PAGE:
Other camera comparisons
Did this review help to inform your camera decision process? If you would like to see a different side-by-side camera review, just use the search menu below. There is also a set of direct links to comparison reviews that other users of the CAM-parator app explored.
- Canon 750D vs Fujifilm GFX 50S
- Canon G7 X Mark III vs Fujifilm GFX 50S
- Canon T6i vs Pentax 645D
- Fujifilm GFX 50S vs Fujifilm X-H1
- Fujifilm GFX 50S vs Fujifilm X-Pro3
- Fujifilm GFX 50S vs Panasonic ZS200
- Fujifilm GFX 50S vs Sony A7R V
- Fujifilm X-T3 vs Pentax 645D
- Olympus E-500 vs Pentax 645D
- Panasonic LX7 vs Pentax 645D
- Pentax 645D vs Pentax KP
- Pentax 645D vs Sony A7R IV
Specifications: Fujifilm GFX 50S vs Pentax 645D
Below is a side-by-side comparison of the specs of the two cameras to facilitate a quick review of their differences and common features.
|Camera Model||Fujifilm GFX 50S||Pentax 645D|
|Camera Type||Mirrorless system camera||Digital single lens reflex|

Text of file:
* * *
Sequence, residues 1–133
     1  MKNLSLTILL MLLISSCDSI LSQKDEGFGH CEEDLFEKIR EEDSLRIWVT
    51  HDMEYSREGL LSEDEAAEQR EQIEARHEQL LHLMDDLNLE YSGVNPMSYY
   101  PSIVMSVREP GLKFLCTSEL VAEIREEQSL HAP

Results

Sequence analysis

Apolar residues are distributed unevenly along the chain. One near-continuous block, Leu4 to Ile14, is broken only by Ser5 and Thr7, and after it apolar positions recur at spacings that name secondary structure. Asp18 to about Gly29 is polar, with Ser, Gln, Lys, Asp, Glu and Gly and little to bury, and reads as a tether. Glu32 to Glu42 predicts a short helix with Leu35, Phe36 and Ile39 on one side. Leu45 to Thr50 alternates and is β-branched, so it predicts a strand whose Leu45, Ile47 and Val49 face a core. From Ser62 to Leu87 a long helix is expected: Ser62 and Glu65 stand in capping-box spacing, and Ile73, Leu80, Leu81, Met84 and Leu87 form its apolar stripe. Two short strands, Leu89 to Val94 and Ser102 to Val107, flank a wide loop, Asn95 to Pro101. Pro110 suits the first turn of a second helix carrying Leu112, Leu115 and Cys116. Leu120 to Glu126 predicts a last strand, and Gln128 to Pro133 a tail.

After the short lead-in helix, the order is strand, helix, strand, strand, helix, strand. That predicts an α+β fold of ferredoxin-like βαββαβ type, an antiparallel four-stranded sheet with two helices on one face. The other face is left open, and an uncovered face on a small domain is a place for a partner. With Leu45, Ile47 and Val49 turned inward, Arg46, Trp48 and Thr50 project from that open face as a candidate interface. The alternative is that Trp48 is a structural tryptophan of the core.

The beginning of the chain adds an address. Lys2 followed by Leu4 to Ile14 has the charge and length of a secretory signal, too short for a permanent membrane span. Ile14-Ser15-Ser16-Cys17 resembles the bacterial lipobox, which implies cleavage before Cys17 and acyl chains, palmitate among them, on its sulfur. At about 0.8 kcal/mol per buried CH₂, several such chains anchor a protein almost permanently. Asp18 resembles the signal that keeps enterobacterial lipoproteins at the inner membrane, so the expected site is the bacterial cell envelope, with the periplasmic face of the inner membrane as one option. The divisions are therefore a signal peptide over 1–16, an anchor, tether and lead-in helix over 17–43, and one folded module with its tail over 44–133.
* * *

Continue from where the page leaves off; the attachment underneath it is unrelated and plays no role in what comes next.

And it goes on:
|Camera Lens||Fujifilm G mount lenses||Pentax 645 mount lenses|
|Launch Date||September 2016||March 2010|
|Launch Price||USD 6,499||USD 9,995|
|Sensor Specs||Fujifilm GFX 50S||Pentax 645D|
|Sensor Format||Medium Format Sensor||Medium Format Sensor|
|Sensor Size||44.0 x 33.0 mm||44.0 x 33.0 mm|
|Sensor Area||1452 mm2||1452 mm2|
|Sensor Diagonal||55 mm||55 mm|
|Sensor Resolution||51.1 Megapixels||39.5 Megapixels|
|Image Resolution||8256 x 6192 pixels||7264 x 5440 pixels|
|Pixel Pitch||5.33 μm||6.06 μm|
|Pixel Density||3.52 MP/cm2||2.72 MP/cm2|
|Moiré control||no AA filter||no AA filter|
|Movie Capability||1080/30p Video||no Video|
|ISO Setting||100 - 12,800 ISO||100 - 1,600 ISO|
|ISO Boost||50 - 102,400 ISO||no Enhancement|
|Image Processor||X Processor Pro||PRIME II|
|DXO Sensor Quality (score)||..||82|
|DXO Color Depth (bits)||..||24.6|
|DXO Dynamic Range (EV)||..||12.6|